Like all of Colin Dexter's novels, this is a tight read. It's not the best Morse book, but it fills in some blanks and has some memorable clever moments.

Related Reviews

Dexter - The Way Through the Woods
Dexter - The Dead of Jericho

Wednesday, April 18, 2018

Ian Mortimer - Outcasts of Time

Outcasts of Time is a beautiful book. It tells the story of two Devon men caught up in 1348 in the horror of the plaque. John Wrayment is a skilled stonemason who has carved many of the statues in Exeter cathedral, including the faces of his beloved wife Catherine and his brother William Beard. William is more boisterous, interested in wine, women and song. John's attempts to do a good dead for a baby whose mother has died of the plague. His brother chastises him, arguing that it will bring them no good and only delay their perilous journey home. The good dead turns into its opposite, and in horror and anger, John question's God's purpose.

A disembodied voice offers the two brothers a choice. Return home, and die from the plague, or live six more days each day spaced at intervals of 99 years. The brothers take the second option and their journey through Devon's history begins.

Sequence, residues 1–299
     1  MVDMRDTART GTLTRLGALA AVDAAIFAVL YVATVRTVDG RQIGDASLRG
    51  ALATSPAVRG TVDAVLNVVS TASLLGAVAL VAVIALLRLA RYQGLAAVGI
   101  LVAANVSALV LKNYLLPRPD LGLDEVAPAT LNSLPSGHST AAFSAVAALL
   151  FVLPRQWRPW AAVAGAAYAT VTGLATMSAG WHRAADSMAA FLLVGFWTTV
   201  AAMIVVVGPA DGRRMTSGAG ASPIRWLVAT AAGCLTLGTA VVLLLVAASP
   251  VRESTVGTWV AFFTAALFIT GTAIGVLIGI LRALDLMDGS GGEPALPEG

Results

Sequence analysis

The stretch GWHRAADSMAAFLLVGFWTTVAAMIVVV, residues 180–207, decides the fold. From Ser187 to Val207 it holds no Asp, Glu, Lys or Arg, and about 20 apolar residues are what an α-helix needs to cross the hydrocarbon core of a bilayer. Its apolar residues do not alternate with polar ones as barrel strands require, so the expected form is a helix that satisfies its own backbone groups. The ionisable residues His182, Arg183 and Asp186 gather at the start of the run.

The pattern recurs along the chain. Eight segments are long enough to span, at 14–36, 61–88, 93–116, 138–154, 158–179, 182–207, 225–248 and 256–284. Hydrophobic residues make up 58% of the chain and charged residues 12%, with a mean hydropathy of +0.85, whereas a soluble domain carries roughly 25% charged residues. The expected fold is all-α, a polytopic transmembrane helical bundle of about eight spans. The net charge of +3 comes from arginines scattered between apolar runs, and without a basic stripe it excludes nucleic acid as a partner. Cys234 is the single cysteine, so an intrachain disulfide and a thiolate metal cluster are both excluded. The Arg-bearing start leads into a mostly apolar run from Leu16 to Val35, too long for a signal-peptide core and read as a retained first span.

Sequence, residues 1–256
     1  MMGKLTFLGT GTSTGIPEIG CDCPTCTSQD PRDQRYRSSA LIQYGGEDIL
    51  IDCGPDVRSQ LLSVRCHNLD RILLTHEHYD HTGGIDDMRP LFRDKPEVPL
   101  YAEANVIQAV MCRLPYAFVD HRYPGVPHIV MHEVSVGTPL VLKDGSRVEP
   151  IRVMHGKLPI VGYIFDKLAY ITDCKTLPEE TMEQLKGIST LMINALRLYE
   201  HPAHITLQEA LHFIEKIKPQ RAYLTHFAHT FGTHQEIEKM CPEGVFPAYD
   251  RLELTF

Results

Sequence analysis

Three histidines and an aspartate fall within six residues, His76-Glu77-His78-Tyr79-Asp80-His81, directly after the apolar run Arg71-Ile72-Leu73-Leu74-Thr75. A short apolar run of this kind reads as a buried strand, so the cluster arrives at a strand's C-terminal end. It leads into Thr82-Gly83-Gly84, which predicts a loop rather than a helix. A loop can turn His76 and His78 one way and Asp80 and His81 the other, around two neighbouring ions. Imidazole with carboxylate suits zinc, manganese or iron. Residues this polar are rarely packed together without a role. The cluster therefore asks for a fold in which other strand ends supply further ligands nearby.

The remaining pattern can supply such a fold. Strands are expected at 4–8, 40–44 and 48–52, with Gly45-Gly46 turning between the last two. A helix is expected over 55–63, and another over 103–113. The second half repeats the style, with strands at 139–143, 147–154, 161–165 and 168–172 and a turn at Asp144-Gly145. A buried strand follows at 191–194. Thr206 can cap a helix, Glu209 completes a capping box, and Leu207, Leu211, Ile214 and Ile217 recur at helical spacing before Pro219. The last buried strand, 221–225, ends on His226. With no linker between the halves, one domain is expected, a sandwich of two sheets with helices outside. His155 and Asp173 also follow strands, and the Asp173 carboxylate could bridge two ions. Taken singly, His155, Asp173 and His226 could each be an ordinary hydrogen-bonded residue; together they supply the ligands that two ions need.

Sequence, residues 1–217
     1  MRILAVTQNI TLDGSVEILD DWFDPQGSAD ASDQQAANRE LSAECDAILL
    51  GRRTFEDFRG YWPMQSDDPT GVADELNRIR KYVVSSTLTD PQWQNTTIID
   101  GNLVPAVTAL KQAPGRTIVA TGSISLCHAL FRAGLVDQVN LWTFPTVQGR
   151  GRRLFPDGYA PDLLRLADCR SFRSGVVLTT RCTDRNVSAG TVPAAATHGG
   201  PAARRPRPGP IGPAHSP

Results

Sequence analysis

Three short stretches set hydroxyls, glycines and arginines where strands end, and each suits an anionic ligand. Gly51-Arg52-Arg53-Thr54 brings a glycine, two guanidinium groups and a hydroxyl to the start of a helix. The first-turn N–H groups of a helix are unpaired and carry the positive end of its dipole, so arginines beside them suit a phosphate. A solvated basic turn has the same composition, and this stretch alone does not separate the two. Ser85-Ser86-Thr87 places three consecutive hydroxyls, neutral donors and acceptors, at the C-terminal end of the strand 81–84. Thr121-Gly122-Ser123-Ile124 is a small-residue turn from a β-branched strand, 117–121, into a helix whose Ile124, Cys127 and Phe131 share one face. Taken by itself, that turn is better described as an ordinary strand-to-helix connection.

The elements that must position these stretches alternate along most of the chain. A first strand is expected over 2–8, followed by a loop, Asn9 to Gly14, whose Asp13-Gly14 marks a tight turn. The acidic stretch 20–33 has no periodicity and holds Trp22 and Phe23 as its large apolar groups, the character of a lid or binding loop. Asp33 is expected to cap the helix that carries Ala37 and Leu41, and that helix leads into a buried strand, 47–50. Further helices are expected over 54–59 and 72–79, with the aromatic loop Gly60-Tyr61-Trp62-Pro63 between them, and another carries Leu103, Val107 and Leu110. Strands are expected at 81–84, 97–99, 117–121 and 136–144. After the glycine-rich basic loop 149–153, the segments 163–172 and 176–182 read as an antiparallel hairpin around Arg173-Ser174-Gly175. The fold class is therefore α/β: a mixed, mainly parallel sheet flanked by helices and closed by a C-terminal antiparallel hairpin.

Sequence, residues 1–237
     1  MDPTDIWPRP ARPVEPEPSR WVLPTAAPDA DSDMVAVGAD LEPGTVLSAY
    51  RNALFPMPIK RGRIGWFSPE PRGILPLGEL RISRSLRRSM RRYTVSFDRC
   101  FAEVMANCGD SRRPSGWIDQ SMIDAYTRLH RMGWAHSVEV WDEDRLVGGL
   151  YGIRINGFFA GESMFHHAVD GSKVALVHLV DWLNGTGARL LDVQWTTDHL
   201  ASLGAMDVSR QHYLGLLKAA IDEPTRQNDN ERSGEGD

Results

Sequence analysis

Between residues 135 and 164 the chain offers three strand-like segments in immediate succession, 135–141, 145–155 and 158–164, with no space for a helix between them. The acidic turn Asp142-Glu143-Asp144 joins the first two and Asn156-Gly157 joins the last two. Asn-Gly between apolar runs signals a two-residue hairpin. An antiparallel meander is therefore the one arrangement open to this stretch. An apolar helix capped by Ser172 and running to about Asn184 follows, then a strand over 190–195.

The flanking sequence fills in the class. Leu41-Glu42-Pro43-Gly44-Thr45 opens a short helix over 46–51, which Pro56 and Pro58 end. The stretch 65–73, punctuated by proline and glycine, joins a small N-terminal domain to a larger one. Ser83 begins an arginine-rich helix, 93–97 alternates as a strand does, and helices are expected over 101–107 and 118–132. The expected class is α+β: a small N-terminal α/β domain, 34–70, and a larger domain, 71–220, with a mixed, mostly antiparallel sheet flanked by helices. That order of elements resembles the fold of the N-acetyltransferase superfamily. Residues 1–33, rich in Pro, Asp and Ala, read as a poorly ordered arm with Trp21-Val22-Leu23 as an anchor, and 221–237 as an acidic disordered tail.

It's a wonderful pretext for a novel. It's made better by Ian Mortimer's historical knowledge and eye for detail. There's plenty here on how the villages change, on how the improving fabric of the buildings themselves allow John and William to see that the country is growing wealthier, though neither brother is naive enough to miss the poverty in the backstreets. There are poignant moments, particularly when the brothers return to their home village and see places they know well, but ruined by age and decay.

John in particular, to William's annoyance believes he has a quest to full-fill. His attempts to do good, improve things take various forms - including simply doing a hard days work. But nothing seems to come of it. But the over-arching change, one that John finds particularly difficult, is the way his religion is taken from him and destroyed by the rise of Protestantism. He visits Exeter cathedral after the Reformation and is shocked to have to pay to enter, but even more shocked to see the destruction of the beautiful statues he has made. Later he comes to blame Henry VIII but he keeps his own faith close, despite it putting him and his brother in danger.